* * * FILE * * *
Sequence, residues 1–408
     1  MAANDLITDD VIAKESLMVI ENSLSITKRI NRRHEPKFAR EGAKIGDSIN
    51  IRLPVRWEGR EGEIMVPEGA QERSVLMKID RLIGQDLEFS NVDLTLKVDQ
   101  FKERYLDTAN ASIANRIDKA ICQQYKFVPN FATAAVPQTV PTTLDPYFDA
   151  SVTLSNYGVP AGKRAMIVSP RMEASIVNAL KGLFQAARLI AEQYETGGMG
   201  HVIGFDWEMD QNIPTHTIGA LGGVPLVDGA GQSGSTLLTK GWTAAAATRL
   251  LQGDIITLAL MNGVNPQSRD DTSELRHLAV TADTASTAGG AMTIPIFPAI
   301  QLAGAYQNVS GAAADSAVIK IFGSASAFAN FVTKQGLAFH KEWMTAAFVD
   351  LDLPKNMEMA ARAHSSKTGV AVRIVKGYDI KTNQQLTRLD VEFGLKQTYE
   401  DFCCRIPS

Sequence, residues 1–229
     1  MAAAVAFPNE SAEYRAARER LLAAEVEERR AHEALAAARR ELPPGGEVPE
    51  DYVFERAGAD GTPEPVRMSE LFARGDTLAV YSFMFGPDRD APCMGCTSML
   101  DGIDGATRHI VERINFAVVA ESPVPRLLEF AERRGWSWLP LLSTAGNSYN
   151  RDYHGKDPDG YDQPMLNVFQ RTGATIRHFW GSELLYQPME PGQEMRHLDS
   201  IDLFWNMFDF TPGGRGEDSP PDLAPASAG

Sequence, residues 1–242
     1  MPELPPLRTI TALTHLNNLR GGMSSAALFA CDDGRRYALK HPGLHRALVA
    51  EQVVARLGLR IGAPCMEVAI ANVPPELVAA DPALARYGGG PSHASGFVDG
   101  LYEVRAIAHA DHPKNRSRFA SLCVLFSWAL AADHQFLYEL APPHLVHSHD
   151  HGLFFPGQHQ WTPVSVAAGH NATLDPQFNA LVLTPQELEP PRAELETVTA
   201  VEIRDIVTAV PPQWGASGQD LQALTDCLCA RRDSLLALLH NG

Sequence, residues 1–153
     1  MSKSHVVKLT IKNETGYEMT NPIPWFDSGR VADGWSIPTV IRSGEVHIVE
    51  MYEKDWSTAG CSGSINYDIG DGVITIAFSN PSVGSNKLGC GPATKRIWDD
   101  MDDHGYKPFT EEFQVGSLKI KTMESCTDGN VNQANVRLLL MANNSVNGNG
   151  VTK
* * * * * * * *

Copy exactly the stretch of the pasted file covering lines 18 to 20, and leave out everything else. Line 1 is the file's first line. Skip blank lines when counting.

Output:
     1  MPELPPLRTI TALTHLNNLR GGMSSAALFA CDDGRRYALK HPGLHRALVA
    51  EQVVARLGLR IGAPCMEVAI ANVPPELVAA DPALARYGGG PSHASGFVDG
   101  LYEVRAIAHA DHPKNRSRFA SLCVLFSWAL AADHQFLYEL APPHLVHSHD